Employing Your Family Members

By Scott C Turner, CPA

Hire your kids

instead of paying them an allowance!

It is quite common to see children actively involved in the family business. Even young children can perform valuable services. Many business owners, however, miss out on the major tax savings generated by actually hiring their children and paying them a fair wage for their services.

The expense is tax-deductible to you, and the income is tax-free to them. [Reg Sec 1.162-7(a) ]

The tax-free limit for dependent children was $12,000 per child per year starting in 2018, $12,200 for 2019. The amount is equal to the Standard Deduction. If a child has interest, dividends, capital gain distributions or other investment income, the Standard Deduction is slightly reduced, incurring a small amount of federal tax.

[Rev. Proc. 95-53 and IRC Section § 63(h)(2). TCJA Dec 2017 ]

{Note: For 2019, a child with investment income in excess of $2,200 is taxed at the parents’ income tax rate. See your profit consultant for assistance}

In order to qualify, the wages must be reasonable in amount, based on services actually rendered and documented as paid on a regular and consistent basis as you would an employee from any business.

Children as young as seven years old have been found to qualify as employees of the parents’ business.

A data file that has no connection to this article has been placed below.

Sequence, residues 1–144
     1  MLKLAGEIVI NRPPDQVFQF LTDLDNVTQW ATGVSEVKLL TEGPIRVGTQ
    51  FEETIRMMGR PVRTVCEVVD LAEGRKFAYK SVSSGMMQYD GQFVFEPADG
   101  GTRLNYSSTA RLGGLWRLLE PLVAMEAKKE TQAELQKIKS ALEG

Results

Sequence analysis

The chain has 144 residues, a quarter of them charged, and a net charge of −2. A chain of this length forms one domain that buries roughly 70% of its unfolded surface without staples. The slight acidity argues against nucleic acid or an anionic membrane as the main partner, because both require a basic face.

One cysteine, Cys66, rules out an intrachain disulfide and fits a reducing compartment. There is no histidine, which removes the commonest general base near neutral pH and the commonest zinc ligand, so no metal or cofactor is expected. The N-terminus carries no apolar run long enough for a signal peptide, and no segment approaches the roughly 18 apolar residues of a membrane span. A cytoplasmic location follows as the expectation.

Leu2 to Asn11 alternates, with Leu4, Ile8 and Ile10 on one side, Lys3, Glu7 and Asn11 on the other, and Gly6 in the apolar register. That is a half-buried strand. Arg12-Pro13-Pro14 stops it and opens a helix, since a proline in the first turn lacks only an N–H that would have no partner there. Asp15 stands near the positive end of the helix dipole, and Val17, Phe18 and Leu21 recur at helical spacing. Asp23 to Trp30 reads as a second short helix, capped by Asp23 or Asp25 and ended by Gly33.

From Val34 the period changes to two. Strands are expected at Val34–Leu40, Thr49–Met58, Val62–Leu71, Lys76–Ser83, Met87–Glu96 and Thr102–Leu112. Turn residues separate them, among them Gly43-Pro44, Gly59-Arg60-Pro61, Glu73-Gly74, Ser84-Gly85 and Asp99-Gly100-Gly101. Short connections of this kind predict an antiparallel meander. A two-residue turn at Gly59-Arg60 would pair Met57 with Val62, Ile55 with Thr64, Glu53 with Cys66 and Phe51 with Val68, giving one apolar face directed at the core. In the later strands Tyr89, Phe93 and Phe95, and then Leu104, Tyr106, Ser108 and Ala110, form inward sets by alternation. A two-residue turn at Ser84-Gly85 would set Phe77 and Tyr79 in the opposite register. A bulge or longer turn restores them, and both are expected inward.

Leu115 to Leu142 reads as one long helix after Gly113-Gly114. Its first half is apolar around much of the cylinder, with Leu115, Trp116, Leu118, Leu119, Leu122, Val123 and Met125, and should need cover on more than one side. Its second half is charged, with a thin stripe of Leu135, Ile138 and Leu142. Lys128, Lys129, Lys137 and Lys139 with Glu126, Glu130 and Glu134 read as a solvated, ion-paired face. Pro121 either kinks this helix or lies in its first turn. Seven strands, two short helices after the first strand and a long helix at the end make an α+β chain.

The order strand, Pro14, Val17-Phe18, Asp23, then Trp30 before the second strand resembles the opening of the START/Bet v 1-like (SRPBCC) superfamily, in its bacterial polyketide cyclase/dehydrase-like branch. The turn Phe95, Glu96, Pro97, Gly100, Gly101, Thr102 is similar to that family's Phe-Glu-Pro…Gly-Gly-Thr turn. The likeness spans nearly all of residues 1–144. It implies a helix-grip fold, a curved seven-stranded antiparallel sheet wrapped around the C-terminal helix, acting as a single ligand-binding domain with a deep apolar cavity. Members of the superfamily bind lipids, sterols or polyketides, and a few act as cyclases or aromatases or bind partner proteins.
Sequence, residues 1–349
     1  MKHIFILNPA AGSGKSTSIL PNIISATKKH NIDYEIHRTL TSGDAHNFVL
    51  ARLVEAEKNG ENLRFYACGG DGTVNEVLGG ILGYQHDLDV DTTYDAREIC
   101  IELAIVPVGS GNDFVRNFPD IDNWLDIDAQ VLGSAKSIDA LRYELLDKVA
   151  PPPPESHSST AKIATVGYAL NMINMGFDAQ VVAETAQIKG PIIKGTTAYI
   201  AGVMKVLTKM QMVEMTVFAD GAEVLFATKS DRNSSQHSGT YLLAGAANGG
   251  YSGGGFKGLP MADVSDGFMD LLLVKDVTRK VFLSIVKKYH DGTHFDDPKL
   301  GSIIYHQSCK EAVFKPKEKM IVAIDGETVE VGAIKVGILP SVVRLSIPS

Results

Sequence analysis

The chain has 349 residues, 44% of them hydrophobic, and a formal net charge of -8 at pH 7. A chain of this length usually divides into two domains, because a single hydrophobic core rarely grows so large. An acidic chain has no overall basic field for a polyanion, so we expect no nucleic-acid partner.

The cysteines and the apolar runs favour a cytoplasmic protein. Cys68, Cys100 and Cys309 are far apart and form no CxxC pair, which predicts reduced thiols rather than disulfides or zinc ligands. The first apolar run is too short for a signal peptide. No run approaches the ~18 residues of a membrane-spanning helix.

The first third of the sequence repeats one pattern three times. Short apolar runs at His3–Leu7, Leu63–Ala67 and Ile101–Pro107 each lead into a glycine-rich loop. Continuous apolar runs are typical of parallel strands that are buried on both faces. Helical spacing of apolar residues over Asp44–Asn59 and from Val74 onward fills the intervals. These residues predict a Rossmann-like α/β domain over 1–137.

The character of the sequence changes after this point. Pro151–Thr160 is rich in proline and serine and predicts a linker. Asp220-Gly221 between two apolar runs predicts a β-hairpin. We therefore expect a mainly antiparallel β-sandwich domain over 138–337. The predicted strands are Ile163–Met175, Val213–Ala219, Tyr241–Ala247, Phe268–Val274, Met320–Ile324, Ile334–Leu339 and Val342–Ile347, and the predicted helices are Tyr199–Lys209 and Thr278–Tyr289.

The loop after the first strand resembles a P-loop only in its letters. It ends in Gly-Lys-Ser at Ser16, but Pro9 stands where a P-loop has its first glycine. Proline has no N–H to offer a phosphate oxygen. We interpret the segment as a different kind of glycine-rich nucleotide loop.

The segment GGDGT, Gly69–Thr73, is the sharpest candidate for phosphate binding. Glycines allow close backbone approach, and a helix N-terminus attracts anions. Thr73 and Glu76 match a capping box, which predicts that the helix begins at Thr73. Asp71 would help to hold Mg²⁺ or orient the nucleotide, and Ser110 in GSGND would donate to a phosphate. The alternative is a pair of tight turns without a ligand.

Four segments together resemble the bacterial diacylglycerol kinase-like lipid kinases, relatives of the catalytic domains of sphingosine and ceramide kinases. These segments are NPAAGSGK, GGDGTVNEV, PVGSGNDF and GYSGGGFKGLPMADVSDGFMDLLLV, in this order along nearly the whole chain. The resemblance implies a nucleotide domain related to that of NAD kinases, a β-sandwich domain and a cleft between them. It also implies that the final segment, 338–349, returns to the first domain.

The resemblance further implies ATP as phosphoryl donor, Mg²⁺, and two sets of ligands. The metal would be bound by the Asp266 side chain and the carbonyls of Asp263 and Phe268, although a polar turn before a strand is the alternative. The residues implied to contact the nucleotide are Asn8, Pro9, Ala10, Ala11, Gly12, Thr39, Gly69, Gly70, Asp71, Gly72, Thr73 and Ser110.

[Reference Eller v. Commissioner, 77 T.C. 934 (1981) ]

And if they are family members under 18 working for a sole proprietorship, they are exempt from payroll taxes [IRC Section § 3121(b)(3)(A) and § 3306(c)(5) ] and the business is not required to withhold or to pay Social Security and Medicare taxes. [Tax Court Ruling 48 TC 439, 450 (196) in the case of Denman v. IRS Commissioner]

For incorporated business owners, your corporation will have to pay payroll tax and you do need to withhold social security/medicare from the children’s wages, but the benefits are still well worth it.

Clearly it is more advantageous to employ children through a spouse’s Schedule C (sole proprietor) business rather than through an entity reporting as a corporation for tax purposes.

In order to qualify, the wage rate has to be “reasonable and customary” within your region of the country and within your industry for the type of work being performed. And, of course, always pay your employees (children) on consistently scheduled pay dates, just like you would any other employee.

Because there is no federal or state income tax withholding, and no social security or other tax, for children under 18 the gross pay is the net pay, so there is no need to calculate a net payroll check.

Payroll Reporting

These wages must be paid and the appropriate payroll tax returns and W-2 forms filed with the IRS and Social Security Administration. If children are your only employees, you can report annually to the federal government using Form 944, 940 and W-3/W-2. However, many states require you to report quarterly.

If your spouse also works in your business, the first year you can file annually to the federal government. Thereafter, the IRS will advise you if you need to report payroll quarterly, depending on how much tax and social security/medicare is withheld. To employ an accountant to assist you should only cost a modest fee.

[Revenue Ruling 73-393]

The kids (as employees) should document what they did to earn the money, [Revenue Ruling 73-393] so have them fill out a simple “work log” with headings like:

Date they worked

Type of work performed

Amount of time spent working

Hourly rate you paid them

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